For more than 50% of youth in Kenya, education ends after the eighth grade. EFAC provides scholarships and a mentoring program to keep students in school.
The Portland Playhouse was founded with two core principles: inclusion and artistic excellence. In the ten years since they first began, their Northeast Portland community has come to rely on them as their neighborhood arts center. In this interview, veteran actor Lester Purry shares why community theater is so important; Purry played Troy Maxson in Portland Playhouse’s 2018 Production of Fences.
What brought you to love theatre and the arts?
I got involved in a high school play because my music teacher asked me to audition. I was one of the football captains and I thought none of the boys would think it was cool, but then I saw the girls and I said, “Okay, I’d like to be involved in this.”
As time has gone on, I’ve learned that theatre is a great place to discover new things. You can hide in a character. I love creating, exploring, finding what makes people tick, and thinking about what type of person I would be if I were in a given situation.
Theatre is great because it helps you understand humanity in a different way. For instance, not a lot of people empathize with Troy Maxson, but I believe that as an actor you cannot hate the person that you are playing, otherwise, you won’t do the character justice.
So I figured out what made him so angry, bitter, so unforgiving, and what the choices were in that.
How does Portland Playhouse’s mission resonate with you?
Portland Playhouse’s mission is to open its doors and welcome everybody. It’s so fitting that it is in a church because that’s what a church is supposed to do. You come in as you are.
Perhaps your experience in here will change or guide you in some kind of way. I think that’s what the Playhouse is doing by producing diverse works and casting in a way that makes sense historically.
The first show I saw at the Playhouse was Scarlet and I was really surprised by the diversity of the cast, but if you truly look at history, communities would look like that all the time.
For some reason, we just think that people were very separated. I think that’s because we’re looking at history from our viewpoint today. I also love that the Playhouse goes out to the community and doesn’t just expect the community to find them.
What is one memory of Portland Playhouse that sticks with you?
I love how small the Playhouse is. At first, I thought it would be distracting because the audience was so close, but then I started feeling that energy from the audience and it fueled me.
I remember when we did the first 10:00 am show for students and I was like, “Oh my gosh, I have to be angry this early in the morning?” And then I saw the face of this little girl in the front row. Sorry, no. There’s no way I can’t give this my all. It was a really a beautiful experience.
One night after a performance of Fences a man came up to me — he was probably in his 70s or 80s — he was a white man and he was crying. He said that Troy reminded him of his father. Then I turned to a woman, she was probably in her 50s, and she was black. She said that Troy reminded her of her father.
Then a young Latino man, probably in his 20s, came up and told me that Troy reminded him of his father. I don’t care who they were. People related to this production and it was beautiful to have them get it. This play is about relationships and it affected everyone in very different ways.
Portland Playhouse is dedicated to producing quality, intimate, performances in which the interaction between artists and audience is paramount. (Pictured: Alexander and Purry. Photo: Brud Giles/Portland Playhouse)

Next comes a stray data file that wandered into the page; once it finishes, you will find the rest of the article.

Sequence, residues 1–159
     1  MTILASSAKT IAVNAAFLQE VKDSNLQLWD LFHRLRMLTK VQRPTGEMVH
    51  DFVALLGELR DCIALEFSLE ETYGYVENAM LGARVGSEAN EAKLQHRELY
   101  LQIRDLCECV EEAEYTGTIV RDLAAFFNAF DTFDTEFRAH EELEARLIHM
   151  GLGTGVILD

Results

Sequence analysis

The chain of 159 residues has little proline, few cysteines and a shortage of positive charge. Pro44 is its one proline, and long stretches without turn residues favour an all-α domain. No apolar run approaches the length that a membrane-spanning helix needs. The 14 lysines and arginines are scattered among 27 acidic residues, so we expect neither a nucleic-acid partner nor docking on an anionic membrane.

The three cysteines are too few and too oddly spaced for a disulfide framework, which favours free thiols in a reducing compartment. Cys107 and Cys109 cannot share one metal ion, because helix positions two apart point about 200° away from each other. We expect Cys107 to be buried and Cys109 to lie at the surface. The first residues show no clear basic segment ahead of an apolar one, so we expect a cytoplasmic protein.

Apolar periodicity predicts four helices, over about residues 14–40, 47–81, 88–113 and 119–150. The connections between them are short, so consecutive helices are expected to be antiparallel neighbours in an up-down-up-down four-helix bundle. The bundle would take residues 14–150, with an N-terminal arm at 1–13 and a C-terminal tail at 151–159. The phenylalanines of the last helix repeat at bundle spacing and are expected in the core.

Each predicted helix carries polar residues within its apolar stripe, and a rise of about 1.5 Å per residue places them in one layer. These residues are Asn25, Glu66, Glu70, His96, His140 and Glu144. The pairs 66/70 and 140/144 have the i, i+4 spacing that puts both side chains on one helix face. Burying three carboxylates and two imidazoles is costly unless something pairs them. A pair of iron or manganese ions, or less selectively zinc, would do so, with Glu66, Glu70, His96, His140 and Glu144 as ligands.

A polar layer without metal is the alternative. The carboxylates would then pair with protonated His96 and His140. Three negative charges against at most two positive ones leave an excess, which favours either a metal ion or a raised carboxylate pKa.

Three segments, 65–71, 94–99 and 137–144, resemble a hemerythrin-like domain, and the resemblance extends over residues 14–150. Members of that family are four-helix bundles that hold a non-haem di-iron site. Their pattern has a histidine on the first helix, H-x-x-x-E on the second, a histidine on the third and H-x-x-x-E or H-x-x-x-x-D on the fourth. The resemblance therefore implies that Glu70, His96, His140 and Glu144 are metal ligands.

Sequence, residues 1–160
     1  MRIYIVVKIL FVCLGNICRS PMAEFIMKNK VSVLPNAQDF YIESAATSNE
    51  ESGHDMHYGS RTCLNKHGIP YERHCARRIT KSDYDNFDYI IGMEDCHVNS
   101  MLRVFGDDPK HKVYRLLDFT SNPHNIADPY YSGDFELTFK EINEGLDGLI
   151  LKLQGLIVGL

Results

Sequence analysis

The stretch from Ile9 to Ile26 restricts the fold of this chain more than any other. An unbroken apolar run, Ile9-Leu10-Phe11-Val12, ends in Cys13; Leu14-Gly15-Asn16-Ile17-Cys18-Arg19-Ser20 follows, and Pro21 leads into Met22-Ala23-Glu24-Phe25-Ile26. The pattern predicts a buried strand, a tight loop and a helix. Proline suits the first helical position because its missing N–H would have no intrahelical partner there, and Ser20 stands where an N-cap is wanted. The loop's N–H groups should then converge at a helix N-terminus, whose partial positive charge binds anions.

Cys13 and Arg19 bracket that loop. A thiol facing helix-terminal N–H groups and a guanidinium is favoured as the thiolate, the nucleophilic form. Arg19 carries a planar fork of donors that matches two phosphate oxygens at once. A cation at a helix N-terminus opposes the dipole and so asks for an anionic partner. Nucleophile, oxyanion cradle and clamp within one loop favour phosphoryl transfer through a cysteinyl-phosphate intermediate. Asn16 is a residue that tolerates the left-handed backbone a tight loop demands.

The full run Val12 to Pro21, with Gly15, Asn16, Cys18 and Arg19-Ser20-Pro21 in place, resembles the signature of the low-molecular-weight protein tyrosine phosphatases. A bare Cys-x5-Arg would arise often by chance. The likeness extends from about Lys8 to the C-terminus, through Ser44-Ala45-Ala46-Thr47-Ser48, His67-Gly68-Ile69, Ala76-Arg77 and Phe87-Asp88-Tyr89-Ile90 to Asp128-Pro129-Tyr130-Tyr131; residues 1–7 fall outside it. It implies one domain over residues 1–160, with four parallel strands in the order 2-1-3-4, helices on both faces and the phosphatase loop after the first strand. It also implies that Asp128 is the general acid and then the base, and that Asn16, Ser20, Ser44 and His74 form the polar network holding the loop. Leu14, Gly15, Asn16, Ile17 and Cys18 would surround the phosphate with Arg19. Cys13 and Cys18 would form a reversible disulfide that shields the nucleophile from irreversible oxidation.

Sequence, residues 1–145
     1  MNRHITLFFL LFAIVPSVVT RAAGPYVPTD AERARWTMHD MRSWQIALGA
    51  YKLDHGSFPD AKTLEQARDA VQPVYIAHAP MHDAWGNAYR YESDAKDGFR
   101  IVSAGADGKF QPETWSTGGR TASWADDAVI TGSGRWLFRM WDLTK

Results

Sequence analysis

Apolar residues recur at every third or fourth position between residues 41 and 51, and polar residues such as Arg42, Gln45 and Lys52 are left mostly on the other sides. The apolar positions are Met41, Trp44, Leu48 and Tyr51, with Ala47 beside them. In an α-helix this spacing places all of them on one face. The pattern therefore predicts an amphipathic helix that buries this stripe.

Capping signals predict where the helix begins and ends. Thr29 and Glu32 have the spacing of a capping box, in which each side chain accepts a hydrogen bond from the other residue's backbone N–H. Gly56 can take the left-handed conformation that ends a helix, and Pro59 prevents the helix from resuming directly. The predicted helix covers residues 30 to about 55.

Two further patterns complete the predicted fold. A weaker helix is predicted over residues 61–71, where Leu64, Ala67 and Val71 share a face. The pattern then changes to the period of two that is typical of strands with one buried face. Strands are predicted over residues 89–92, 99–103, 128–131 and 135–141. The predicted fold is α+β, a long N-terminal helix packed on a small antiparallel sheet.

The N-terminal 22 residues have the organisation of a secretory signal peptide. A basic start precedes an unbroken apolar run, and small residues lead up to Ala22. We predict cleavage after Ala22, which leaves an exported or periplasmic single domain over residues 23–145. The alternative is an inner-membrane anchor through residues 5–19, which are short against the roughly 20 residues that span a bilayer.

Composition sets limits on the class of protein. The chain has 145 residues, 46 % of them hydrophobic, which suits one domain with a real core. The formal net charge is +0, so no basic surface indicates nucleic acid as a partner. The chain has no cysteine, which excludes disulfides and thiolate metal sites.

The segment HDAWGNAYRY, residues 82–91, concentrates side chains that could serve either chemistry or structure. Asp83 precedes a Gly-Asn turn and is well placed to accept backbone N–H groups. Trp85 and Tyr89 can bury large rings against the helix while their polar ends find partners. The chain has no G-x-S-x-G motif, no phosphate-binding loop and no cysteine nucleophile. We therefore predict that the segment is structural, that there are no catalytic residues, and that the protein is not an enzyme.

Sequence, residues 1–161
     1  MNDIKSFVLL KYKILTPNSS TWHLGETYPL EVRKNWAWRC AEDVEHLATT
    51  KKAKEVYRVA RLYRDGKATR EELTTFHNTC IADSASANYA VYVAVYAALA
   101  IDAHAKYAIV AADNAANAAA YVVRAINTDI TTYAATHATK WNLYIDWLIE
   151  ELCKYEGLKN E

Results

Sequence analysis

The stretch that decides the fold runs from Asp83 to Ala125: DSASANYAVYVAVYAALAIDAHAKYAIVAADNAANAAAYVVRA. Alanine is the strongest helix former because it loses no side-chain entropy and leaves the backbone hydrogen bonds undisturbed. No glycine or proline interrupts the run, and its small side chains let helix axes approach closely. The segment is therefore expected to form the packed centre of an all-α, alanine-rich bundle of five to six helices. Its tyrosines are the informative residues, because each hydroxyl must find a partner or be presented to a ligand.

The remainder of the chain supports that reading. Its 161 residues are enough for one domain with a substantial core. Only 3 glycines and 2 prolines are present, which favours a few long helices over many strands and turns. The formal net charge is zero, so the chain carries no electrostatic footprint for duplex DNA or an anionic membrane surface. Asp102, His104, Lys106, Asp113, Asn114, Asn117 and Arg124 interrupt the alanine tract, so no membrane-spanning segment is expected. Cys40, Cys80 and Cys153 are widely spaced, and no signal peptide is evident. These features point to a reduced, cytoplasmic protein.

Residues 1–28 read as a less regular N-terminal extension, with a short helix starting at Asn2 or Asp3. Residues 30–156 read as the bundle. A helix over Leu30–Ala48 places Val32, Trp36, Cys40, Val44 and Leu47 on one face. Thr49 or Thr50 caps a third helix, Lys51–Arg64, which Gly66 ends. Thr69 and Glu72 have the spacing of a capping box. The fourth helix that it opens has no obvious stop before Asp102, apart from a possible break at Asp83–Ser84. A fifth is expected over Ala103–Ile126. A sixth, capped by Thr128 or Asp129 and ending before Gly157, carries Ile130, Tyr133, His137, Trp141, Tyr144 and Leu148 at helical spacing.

What do you hope to see in Portland Playhouse’s future?
I’m just going to say this: support. There’s no way this theater should not be around for many, many years. I hope people come. I kind of want it to grow, but I just love the intimacy.
Of course, this theatre is so good, it’s inevitable. It’s going to grow. And I hope that the Playhouse finds a way to keep the intimacy as it grows. I also hope more people find out about this theater and become donors, season ticket holders, and get the word out because this place is a gem.
Fences is probably the best production of anything I’ve done in my 36-year career — at this small theater, and I have worked in multi-million-dollar theaters.
This place cares about the art of it. Not the look of it, not the sound of it. The Playhouse cares about the heart of the performance and that’s why people are blown away when they go there.
Portland Playhouse is dedicated to producing quality, intimate, performances in which the interaction between artists and audience is paramount. We hold theatre to be a space in which all people can come together to celebrate the complexity of our shared human experience.Learn More
BridgeYear uses a multi-pronged approach to engage students after high school graduation, beginning with tech-savvy advising and Career Test Drives.
Violence against women is a serious problem, but in Myanmar, it is particularly challenging. Troubling gaps remain in providing services and accountability.
From private music lessons to engaging children in philanthropy, Philadelphia is a springboard for organizations offering unique opportunities for children.
A new eco-brick project in the Dominican Republic prevented over 4,000 pounds of plastic and trash from entering the sea.
For more than 30 years, iEARN's international network of youth and educators have been collaborating on projects designed to make a difference in the world.
Founded in 2004 by Ronni Kahn, after noticing the huge volume of food going to waste from the hospitality industry, she decided there had to be a better way.
Creating solutions for 821 million people suffering from hunger worldwide will take far more than changing food systems. It will require gender equality.